After leaving Melbourne Grammar, he attended university to undertake a commerce degree and to major in Chinese, which is a gift he is yet to fully realise.
“The only practice I get at the moment is going to the local Chinese (restaurant) at Euroa,” he lamented.
JD Hayes is 25 years old and as so, is almost exactly the same age as his father when he took over the original Lindsay Park empire, based at Angaston in the hills outside Adelaide.
That he may seem younger or less experienced is an illusion. David Hayes was so often at the side of his father CS (Colin) as his foreman for several seasons before he assumed the major role while JD has been much less visible as he has learned the many facets of the racing business.
Less visible maybe, but just as absorbed with obtaining knowledge and just as hungry to make things happen.
“I’d like to think that I have a good knowledge of most things to do with racing and that has a lot to with this fabulous facility,” Hayes said of the enormous training set-up outside of Euroa.
“We are very lucky at Euroa because it’s a one-stop shop. I used to spread my time when I was coming through with the farriers, the vets, the pre-trainers, the breakers and with the racehorses and was able to get great experience in all areas.”
JD’s twin Will plays AFL with the Western Bulldogs and he too is destined to train racehorses with his brothers. Football, it seems, also played a major role in JD’s development.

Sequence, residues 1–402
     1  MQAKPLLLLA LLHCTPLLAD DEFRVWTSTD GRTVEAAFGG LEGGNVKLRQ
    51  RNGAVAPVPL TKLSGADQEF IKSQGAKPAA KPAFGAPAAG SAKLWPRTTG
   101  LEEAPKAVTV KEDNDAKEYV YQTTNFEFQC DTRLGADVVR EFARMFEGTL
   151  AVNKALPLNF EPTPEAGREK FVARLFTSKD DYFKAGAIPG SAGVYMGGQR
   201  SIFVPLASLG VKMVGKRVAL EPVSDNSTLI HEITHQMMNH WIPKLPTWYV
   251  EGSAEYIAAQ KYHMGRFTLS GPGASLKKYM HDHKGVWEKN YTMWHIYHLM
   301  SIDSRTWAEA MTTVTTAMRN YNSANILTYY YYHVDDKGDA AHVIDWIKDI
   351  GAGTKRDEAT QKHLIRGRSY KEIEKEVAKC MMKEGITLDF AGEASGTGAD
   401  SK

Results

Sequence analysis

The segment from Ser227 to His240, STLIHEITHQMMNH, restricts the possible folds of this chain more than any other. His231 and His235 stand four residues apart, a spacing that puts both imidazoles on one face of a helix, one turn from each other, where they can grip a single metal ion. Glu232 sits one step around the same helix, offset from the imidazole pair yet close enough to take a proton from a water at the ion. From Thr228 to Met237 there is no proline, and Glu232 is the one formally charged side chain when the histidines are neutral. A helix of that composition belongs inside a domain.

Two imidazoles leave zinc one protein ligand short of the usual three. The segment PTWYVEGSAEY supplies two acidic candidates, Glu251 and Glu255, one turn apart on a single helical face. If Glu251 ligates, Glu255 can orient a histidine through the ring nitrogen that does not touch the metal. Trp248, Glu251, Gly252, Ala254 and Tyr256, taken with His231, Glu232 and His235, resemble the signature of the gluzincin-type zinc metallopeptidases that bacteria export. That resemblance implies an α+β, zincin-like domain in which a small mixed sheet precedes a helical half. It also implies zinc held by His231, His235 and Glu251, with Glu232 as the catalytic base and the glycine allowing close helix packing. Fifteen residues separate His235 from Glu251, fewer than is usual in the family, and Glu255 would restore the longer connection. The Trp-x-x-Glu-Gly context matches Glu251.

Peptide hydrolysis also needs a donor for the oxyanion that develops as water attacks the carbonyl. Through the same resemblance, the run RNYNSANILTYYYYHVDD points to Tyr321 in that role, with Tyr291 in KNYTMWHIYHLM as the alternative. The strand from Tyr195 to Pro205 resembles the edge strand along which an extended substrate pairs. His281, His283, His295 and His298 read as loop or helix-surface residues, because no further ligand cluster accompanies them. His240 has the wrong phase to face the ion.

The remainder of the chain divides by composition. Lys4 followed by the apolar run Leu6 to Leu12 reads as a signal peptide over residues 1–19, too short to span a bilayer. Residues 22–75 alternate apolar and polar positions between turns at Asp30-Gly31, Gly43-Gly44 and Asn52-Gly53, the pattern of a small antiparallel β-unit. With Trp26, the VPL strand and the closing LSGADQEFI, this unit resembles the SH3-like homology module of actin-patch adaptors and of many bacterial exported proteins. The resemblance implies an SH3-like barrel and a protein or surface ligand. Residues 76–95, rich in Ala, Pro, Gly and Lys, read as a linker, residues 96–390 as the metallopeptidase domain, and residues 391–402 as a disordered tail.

He was the captain of his football team at Melbourne Grammar but perhaps its biggest life lesson came a few years later when, at the age of just 21, JD became the youngest senior coach ever for Euroa.
“We played finals that year and I learned so much such as how to communicate with people and to manage expectations,” Hayes explained. “I also had to manage a financial budget of $180,000 so it was great learning experience for me.
“It is very important in those situations to be able to lead by example.
“It (coaching) really helped me as over the last three years in the stable we’ve restructured the stable routines and I was part of that. The whole process has really helped with communication with the staff and to be able to be hands-on with them over the past three years has been of great benefit.
“They are so valued. We have such experience and knowledge with the staff and going forward with Ben and I, if we don’t have the answer for something, we don’t have to look too far to get it so that gives us so much confidence.”